We live in a world where even healthy people obsess over how their midriff looks; and what others will think of it. We are surrounded by tummy-toning messages every day: “get your body beach-ready”, “5 simple tips for perfect abs”, “cut your belly fat in 20 days”. This constant tirade of propaganda can easily lead to the belief that ‘fat’ is bad or shameful and that we must all strive to achieve some standardised ideal or be judged as lacking, lazy or unlovable.
As an overweight person myself, I find this very easy to understand. I’m embarrassed to have to buy larger clothes, horrified at the thought of my friends knowing my size. My belly bothers me, perhaps more than anything else about my physicality, probably because it is always there. It can be dressed and disguised in various ways, but never completely hidden. Every time I look down, it reminds me that I don’t fit the toned, athletic Hollywood ‘ideal’. In reality, few of us look like that, and there is really no reason why we should.
We don’t have to look far in space or time to find completely opposite attitudes. In ancient times of course, a plump body was considered inherantly attractive because it implied fecundity, plenty and thus evolutionary success. Bollywood movies still celebrate a curvy body and a belly with a bit of jiggle, reflecting a society that appreciates that body shape. It’s easy to see that what is considered ‘conventionally’ attractive, or even healthy, is culturally variable. Of course, what each of us individually considers attractive is even more variable.
Recently, many people are finding great comfort and inspiration in bloggers like The Print Fiend’s Julia and vloggers such as Loey Lane and XBrittney89. These women are bravely confronting their society’s oppressive norms, simply by posting their own videos or images with details of their own body struggles, worries and insecurities, accompanied by clothing hauls, OOTD’s and other fashion subjects. And you gain even more respect for these women’s bravery and dedication when you look at the comments their posts receive.
There are always dozens of people thanking them, telling them how they have inspired others to love their bodies and how amazing they look. On the other hand, there are always others there to body-shame and offer ‘helpful advice’, assuming that these women MUST want to change, that they need advice and guidance on how to become more like the ideal the commenter wants them to be. But not everyone does. Some people love their bodies as they are and don’t want to change, and others are coming to terms with being unable to. Losing weight is not an easy thing, and combined with other factors such as mental health, dietary requirements and other physical conditions it can be close to impossible. Some may be aiming to get slimmer as part of being more healthy in general, but that doesn’t mean they hate their bodies as they are now. Some people just have bigger priorities in life.
Health-policing is a particularly pernicious form of body-shaming because it is disguised as compassion. It is judgement and spitefulness wearing a mask of concern and helpfulness, and as such is incredibly difficult to speak out against. They’re just trying to be KIND, of course. But it’s not kind. In the vast, vast majority of cases, overweight people, know that they are overweight. They know whether or not they are healthy and how their lifestyle affects their health. They don’t need to be repeatedly told and ‘educated’ by strangers who, in actuality, are really just indulging their desire for others to conform. Being constantly reminded of how you fail to fit in is not good motivation for living a healthier lifestyle, and having unsolicited comments about your looks flung at you from strangers – apropos of nothing – can be unnerving, distracting or even degrading, regardless of the commenter’s intentions.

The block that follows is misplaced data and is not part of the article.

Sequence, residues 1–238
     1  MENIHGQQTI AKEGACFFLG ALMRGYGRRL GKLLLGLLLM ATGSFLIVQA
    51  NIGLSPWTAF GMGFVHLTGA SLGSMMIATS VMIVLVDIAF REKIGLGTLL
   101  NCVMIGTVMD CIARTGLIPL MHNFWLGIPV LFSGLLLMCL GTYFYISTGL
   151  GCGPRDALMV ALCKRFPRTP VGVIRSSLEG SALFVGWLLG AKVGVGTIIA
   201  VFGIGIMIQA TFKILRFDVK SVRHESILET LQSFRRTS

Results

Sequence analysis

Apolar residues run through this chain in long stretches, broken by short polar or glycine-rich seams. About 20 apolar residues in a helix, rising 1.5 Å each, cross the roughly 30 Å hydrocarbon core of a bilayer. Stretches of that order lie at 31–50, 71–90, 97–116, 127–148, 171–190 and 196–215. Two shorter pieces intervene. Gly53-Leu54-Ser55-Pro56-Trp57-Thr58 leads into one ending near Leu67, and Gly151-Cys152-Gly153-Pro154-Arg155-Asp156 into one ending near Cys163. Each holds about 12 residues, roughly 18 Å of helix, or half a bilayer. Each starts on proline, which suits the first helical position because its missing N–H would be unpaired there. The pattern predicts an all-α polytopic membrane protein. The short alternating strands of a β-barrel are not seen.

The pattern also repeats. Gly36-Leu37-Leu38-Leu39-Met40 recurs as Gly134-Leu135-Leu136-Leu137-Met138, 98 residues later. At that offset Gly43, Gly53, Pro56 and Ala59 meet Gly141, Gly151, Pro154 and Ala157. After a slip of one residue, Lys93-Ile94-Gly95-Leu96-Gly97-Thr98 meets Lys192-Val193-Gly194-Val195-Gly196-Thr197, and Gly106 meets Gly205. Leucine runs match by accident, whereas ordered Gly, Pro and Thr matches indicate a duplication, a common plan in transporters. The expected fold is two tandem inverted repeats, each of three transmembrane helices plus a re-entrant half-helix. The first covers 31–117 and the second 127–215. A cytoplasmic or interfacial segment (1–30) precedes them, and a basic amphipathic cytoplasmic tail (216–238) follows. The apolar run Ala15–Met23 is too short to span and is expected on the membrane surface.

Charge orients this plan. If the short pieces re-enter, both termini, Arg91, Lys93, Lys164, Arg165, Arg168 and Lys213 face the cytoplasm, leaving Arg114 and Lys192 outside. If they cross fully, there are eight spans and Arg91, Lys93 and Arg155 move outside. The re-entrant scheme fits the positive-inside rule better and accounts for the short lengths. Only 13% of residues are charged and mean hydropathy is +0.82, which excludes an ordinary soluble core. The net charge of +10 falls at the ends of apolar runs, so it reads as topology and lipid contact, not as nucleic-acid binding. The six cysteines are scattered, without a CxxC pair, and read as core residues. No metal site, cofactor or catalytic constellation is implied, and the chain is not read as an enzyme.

There is, as always, a fine line to tread. Supporting or being attracted to larger figures is fine or even good, but not when the figure in question doesn’t want to be larger. When does supporting all body shapes and sizes become a barrier to wanting to make a change for yourself? Inevitably, the internet shows us people who take the body positivity message to the extreme, people who ‘thin-shame’, or who attack big people who are trying to lose weight as ‘traitors’. In an environment where all views can be expressed, there will always be voices on the extremes that catch our attention.
For the most part, though, the body positivity movement focuses on health, happiness and wellbeing. People with a little bit of chub or jiggle are reassured that their bodies are normal, functional, healthy and attractive just as they are. Take a look at functionally fit people such as firefighters or members of the forces: they’re not stick thin or body-builder toned, they are real, hard-working humans with enough essential body fat to provide them the fuel and protection to perform at their best. For the larger people, body-positivity provides a valuable window into how to embrace themselves and enjoy who they are now, which will make them more likely to succeed at becoming who they want to be.
Now that we are being freed from listening only to whatever ‘the media’ wants to tell us, and we all potentially have instant global access to just as wide an audience, people are beginning to break away from homogenised ideals and to embrace diversity in the types of bodies that achieve visibility and by making more body types visible, we validate other personal tastes and lifestyle choices.
Featured image source: Adore Me